When and how to prune plum trees

Late summer is a good time to prune plum trees, – here’s how.

Plums are one of our favourite fruits and there is no doubt that those picked fresh from a homegrown tree are so much tastier than those from the supermarket. 

However, in order to enjoy a regular supply of plums each year, it is sometimes necessary to give them a prune. (Not the dried plum variety of prune of course!)

Plums ripening on a treeCredit: Shutterstock_sonkotra
Plums ripening on a tree

I started my career about 25 years ago in the fruit department at RHS Wisley and was lucky to work under an amazingly knowledgeable person called Jim Arbury, who is the property’s fruit-growing specialist. I caught up with him to find out when to prune plum trees and how to give them a bit of tender loving care, to help increase your yield and keep the plant healthy. 

So, sharpen your secateurs, and get ready to discover when and how to prune plum trees.

1. Prune at the right time of year

Only prune when the tree is in growth

Larger branches that are growing into the centre of the bush can be pruned back to a lower branch using a pruning saw in spring (April or May).  

Smaller pruning cuts should be made between mid to late summer. Prune the new growth of leaders (the shoots at the end of the branches) back to eight leaves, and other lateral branches along the stem back to six leaves.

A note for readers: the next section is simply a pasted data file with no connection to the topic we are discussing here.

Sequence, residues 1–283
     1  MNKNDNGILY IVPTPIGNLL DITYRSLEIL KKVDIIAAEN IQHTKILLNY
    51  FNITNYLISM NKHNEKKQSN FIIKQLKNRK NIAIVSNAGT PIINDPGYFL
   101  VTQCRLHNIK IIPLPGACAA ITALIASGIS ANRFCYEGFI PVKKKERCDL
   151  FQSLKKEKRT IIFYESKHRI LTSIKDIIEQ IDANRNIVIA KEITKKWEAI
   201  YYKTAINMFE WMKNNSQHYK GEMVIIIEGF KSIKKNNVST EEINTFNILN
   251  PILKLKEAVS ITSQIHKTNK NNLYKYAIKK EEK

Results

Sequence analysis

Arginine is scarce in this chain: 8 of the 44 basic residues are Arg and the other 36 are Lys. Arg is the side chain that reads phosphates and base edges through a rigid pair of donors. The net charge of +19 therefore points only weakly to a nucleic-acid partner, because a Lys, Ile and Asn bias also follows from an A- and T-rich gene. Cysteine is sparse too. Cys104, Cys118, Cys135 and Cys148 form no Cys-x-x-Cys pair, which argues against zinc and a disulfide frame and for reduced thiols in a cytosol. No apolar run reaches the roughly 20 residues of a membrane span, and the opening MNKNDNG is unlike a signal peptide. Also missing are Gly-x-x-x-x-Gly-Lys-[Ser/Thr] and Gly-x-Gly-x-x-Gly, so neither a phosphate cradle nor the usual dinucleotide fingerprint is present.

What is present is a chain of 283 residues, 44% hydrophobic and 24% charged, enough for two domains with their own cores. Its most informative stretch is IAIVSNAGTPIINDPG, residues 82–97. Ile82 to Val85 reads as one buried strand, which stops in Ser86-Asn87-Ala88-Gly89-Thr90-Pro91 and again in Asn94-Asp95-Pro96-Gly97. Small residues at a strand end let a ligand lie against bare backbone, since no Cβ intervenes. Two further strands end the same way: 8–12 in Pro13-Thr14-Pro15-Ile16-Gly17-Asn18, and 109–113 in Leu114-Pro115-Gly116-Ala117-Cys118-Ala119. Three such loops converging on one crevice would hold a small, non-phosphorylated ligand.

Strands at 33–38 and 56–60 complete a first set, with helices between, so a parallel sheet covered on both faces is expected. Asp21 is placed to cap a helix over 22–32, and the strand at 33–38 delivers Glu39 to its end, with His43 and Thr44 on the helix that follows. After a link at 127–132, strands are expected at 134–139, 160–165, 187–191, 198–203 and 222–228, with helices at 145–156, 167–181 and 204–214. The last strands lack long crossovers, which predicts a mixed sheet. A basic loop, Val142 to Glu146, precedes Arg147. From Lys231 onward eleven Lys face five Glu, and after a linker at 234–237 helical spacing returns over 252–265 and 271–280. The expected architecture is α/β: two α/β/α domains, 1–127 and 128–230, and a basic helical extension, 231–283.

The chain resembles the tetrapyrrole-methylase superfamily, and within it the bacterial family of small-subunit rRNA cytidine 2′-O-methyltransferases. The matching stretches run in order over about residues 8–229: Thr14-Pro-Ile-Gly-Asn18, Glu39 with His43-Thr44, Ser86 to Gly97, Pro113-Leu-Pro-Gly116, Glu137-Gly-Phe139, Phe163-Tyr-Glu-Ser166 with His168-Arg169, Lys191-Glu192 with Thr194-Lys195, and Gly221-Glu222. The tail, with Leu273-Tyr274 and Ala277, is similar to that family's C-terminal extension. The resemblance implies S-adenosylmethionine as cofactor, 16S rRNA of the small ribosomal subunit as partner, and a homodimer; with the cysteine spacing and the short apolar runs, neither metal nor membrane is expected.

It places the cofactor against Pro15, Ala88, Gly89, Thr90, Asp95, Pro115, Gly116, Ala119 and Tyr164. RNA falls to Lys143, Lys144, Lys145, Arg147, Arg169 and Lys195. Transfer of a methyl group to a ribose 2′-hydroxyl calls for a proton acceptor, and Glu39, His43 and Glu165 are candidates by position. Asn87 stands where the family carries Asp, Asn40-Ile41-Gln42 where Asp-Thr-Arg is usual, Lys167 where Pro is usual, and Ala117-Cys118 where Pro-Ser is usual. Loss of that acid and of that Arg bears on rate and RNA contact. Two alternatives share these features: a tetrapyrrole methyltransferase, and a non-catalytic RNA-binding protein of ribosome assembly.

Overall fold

Arbury explains: “Plum trees should never be pruned during the winter because they are susceptible to bacterial canker and silver leaf problems which are both diseases which can end up killing your tree.  

Pruning wounds during winter will make them more prone to these infections. This is because the trees are not in active growth and so do not have time to heal, leaving open wounds for weeks afterwards.”   

Arbury continues: “As a general rule of thumb, larger branches should be removed in spring, as it gives them the entire summer to heal, whereas smaller pruning cuts can be made between July and early September.”  

2. Only prune in dry weather

Do not prune plums in the rain

Not only is the time of year important when it comes to pruning, but the weather also needs to be dry; not always easy in an English summer.  

“It’s really important not to prune plum trees in the rain,” explains Arbury. “In fact, the same rules apply for all stone fruits (cherries, damsons, peaches etc). This is because the rain splash and damp conditions will spread disease throughout the pruning wounds. So ideally, you need to check the weather conditions before setting out with a pair of secateurs.”   

Arbury continues: “In fact, not only should it not be raining on the days you are pruning, but it needs to be dry for at least two days afterwards to ensure wounds do not get wet.” 

3. Get the right shape

An open centre bush is best

Jon Munday, nursery manager at the Blackmoor Estate,  says: “It’s a good idea to always start by studying the shape of the tree. Consider if the tree is in balance, or if a branch is out of place, and if so, just remove it. Pruning is not something to be frightened of.”